Calling in the Subs
When the brain senses weakness or injury in osteoligamentous tissues, it calls for help from middle layer (core) stabilizers such as the QL, psoas, transverse abdominis, etc. Regrettably, this middle layer postural support system is best designed for lumbopelvic bracing to allow global (extrinsic) muscles and fascia to carry out normal movements of daily living...not for facet joint stabilization. Therefore, when the middle layer is recruited to "sub" for fixated facets or damaged spinal ligaments, firing order patterns are skewed, motor recruitment is garbled, and coordinated movement suffers. Bottom line: Prolonged joint damage can set the stage for aberrant posturo-movement patterns which, in time, causes the brain, through the process of sensitization, to re-map and re-learn the dysfunctional movement as normal (neuroplasticity).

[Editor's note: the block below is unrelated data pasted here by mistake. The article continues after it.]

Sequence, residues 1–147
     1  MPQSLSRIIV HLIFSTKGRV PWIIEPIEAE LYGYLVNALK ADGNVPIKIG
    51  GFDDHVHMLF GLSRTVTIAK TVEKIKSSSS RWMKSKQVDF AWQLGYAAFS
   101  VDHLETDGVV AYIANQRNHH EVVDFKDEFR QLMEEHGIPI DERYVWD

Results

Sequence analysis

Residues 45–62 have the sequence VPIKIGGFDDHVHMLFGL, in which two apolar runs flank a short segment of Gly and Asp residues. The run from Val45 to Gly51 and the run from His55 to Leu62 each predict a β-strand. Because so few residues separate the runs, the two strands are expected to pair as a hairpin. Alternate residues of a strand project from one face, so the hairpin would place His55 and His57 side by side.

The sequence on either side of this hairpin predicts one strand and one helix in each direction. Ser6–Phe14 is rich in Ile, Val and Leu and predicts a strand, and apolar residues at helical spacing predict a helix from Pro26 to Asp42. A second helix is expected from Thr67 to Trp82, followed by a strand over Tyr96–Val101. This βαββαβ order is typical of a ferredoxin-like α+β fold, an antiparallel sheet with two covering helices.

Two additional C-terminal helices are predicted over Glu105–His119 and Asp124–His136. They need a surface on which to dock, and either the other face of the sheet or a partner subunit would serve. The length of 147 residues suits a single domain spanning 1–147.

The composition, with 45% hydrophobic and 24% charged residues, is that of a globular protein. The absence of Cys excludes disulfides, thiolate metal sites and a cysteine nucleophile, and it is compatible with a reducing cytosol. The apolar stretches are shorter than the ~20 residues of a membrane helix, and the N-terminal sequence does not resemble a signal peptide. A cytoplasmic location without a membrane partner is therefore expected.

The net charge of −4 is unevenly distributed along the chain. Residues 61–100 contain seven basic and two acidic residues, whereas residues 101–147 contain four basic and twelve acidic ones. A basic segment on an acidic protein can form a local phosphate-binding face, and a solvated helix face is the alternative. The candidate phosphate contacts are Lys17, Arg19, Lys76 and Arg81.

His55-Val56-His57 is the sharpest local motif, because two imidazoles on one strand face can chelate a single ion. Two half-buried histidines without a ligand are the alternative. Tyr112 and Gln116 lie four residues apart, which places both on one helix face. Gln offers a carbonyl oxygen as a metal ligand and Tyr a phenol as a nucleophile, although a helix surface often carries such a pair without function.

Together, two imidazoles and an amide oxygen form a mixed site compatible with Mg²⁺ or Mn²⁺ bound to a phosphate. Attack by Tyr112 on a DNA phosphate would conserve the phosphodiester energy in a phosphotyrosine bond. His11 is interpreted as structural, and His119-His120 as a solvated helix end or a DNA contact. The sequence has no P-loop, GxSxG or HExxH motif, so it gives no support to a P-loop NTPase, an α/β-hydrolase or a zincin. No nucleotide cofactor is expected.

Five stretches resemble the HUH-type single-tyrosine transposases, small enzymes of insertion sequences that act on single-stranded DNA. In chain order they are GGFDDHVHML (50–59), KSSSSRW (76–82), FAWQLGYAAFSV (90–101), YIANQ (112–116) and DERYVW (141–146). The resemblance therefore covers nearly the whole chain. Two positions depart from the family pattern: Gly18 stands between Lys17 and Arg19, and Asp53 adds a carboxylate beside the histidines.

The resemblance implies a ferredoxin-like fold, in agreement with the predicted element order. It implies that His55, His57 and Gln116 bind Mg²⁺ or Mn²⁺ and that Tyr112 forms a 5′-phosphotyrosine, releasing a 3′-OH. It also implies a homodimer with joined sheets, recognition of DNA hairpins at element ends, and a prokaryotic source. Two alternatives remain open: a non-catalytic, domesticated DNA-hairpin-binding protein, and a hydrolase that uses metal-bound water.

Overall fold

Due to our population's general lack of proper core support and our inability (through lack of good functional movement training) to adequately activate the middle layers, many, like Hank, find it hard to "hold on" until ligaments heal, fixated facets are released and myo-mechanics are corrected. Sadly, when the oxygen-burning middle layer muscles run out of gas, the load falls back to the damaged joint capsules, spinal ligaments and articular facets which further intensify the pain-spasm-pain cycle.